128 MB of GDDR3 video memory. This is the best graphic card Apple has *ever* included with a consumer Macintosh.Read more ›
iMac Core Duo is one of the first shipping computers with Intel's Core Duo CPU. This CPU features two processors in a single chip that share 2MB L2 cache. Numerous articles and reviews talk about how well (or not) Mac OS X performs under Core Duo. Here's my take. When running Universal Binary applications, it flies. On many occasions, it is as fast as dual-core 2.3GHz PowerMac G5. And in some occasions, it is even faster. It is worth noting that my iMac has been upgraded to full 2GB. With factory standard 512MB, you will experience some choppiness and "spinning beach ball" mouse pointer. At the very least, expand the memory to 1GB as soon as possible. This iMac may not be twice as fast as 2.1GHz iMac G5 under all circumstances, but it's fast. I have been using it for few days now and Safari is perhaps the most dramatic example. Web pages render super fast, even highly customized My Yahoo! page.Read more ›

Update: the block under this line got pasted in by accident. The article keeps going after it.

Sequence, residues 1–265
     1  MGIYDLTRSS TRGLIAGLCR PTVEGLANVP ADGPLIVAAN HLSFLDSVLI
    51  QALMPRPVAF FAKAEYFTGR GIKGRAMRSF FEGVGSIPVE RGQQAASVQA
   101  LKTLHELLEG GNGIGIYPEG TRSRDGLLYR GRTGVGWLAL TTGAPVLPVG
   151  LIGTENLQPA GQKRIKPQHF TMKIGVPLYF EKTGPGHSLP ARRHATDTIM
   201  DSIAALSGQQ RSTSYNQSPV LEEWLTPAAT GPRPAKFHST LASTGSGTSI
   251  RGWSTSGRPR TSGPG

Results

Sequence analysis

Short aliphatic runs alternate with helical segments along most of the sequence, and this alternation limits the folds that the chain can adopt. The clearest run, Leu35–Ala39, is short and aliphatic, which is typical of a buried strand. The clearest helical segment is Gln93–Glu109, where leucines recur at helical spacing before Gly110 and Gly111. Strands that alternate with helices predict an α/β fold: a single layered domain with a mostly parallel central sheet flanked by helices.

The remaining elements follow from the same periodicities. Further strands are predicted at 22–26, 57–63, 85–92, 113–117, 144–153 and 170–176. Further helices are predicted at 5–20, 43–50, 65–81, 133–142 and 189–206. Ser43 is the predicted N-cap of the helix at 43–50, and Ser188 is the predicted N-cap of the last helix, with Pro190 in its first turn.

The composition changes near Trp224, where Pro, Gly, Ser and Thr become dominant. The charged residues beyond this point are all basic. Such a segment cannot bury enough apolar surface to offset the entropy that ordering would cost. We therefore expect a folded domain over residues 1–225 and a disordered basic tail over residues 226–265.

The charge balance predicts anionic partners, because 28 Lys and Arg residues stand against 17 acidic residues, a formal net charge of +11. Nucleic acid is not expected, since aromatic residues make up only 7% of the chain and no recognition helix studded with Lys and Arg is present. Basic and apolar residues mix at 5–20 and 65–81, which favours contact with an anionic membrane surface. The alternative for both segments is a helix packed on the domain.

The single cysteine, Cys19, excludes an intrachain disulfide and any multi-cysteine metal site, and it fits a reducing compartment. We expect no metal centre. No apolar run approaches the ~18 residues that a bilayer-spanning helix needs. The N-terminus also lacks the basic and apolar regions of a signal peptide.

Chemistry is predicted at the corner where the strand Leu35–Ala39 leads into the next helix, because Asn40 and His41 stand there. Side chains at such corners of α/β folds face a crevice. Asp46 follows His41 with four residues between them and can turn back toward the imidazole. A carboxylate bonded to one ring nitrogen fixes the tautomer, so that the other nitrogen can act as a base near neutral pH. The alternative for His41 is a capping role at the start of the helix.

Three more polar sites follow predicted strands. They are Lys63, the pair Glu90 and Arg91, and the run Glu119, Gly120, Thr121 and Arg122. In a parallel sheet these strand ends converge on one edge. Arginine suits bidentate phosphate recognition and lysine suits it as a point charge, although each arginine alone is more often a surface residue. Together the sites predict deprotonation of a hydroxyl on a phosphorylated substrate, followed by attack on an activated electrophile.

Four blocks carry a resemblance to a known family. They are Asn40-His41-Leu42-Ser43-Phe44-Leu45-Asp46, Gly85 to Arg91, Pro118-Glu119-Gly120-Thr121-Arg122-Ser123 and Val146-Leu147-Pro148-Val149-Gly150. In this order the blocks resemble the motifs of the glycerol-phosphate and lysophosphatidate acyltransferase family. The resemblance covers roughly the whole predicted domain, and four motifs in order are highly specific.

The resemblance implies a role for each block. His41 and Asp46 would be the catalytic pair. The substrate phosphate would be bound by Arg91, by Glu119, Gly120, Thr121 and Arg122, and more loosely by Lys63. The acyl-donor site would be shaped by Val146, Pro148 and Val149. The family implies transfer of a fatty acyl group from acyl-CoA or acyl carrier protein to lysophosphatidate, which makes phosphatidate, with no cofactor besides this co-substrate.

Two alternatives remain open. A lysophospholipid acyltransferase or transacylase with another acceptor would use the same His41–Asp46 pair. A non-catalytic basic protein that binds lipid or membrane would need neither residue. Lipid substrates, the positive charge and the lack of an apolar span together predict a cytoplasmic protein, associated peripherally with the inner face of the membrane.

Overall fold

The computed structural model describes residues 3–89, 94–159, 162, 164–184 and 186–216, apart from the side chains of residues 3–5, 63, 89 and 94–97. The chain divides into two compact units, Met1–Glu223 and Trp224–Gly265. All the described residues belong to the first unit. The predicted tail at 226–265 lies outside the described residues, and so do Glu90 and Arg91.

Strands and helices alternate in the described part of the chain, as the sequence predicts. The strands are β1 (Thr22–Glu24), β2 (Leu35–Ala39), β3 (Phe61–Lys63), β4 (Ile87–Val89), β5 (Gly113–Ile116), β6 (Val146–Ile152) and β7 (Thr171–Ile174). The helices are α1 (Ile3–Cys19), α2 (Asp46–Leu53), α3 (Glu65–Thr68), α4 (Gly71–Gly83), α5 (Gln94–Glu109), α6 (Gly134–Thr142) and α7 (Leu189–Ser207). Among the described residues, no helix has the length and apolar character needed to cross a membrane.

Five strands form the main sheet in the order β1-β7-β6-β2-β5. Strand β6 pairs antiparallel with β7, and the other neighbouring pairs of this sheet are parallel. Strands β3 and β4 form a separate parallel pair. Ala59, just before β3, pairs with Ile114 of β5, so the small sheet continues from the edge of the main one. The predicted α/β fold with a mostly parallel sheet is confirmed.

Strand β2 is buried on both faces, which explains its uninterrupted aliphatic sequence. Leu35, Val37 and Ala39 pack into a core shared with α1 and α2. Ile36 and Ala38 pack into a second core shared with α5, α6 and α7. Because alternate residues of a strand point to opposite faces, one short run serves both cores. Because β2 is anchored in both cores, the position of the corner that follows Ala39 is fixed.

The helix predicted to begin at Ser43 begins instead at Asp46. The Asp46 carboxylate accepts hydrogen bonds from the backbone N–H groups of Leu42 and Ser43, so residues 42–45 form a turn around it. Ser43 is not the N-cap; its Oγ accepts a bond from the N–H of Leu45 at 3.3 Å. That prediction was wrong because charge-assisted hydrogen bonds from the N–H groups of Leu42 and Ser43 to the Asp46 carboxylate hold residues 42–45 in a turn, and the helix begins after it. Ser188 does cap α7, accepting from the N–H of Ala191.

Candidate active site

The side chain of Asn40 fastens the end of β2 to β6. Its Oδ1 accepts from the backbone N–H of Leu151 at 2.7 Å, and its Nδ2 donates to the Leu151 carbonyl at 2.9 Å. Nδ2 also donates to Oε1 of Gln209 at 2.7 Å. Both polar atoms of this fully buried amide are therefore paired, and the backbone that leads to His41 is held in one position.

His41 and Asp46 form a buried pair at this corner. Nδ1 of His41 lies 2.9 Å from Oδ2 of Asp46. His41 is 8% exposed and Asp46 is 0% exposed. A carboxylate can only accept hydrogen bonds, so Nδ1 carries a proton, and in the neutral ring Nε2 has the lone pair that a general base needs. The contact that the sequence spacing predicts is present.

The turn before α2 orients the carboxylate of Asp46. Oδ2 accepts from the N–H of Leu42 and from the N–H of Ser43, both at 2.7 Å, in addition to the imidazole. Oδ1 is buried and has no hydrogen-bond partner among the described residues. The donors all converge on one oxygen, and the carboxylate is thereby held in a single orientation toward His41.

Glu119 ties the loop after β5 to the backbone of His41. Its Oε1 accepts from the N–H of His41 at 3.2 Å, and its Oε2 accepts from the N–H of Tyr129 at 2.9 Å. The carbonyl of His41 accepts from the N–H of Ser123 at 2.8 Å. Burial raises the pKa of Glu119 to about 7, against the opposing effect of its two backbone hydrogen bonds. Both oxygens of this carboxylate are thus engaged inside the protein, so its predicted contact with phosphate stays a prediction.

Looking at the Mac, there's just no question that the hardware is aesthetically stunning. This is a beautiful machine and it just cleans up all the clutter on your desk instantly.
When you connect it, all the USB and Firewire ports are conveniently clustered together, and the system pivots very easily for you to get access to them. System set up took all of five minutes.
Where Apple shocked me was with their Zero Configuration utilities embedded in the operating system. This is transparent to the user, but when you power on your Macintosh - it discovers what i needs to know about your network, like other network devices, servers, printers. For the more technically adept, if you've managed your network properly, your new Mac is ready to roll and is fully configured in under 10 minutes.
My new iMac found my email server and printers and prompted me for my network credentials. I was on the internet, and running great in mere moments. The performance is just wonderful.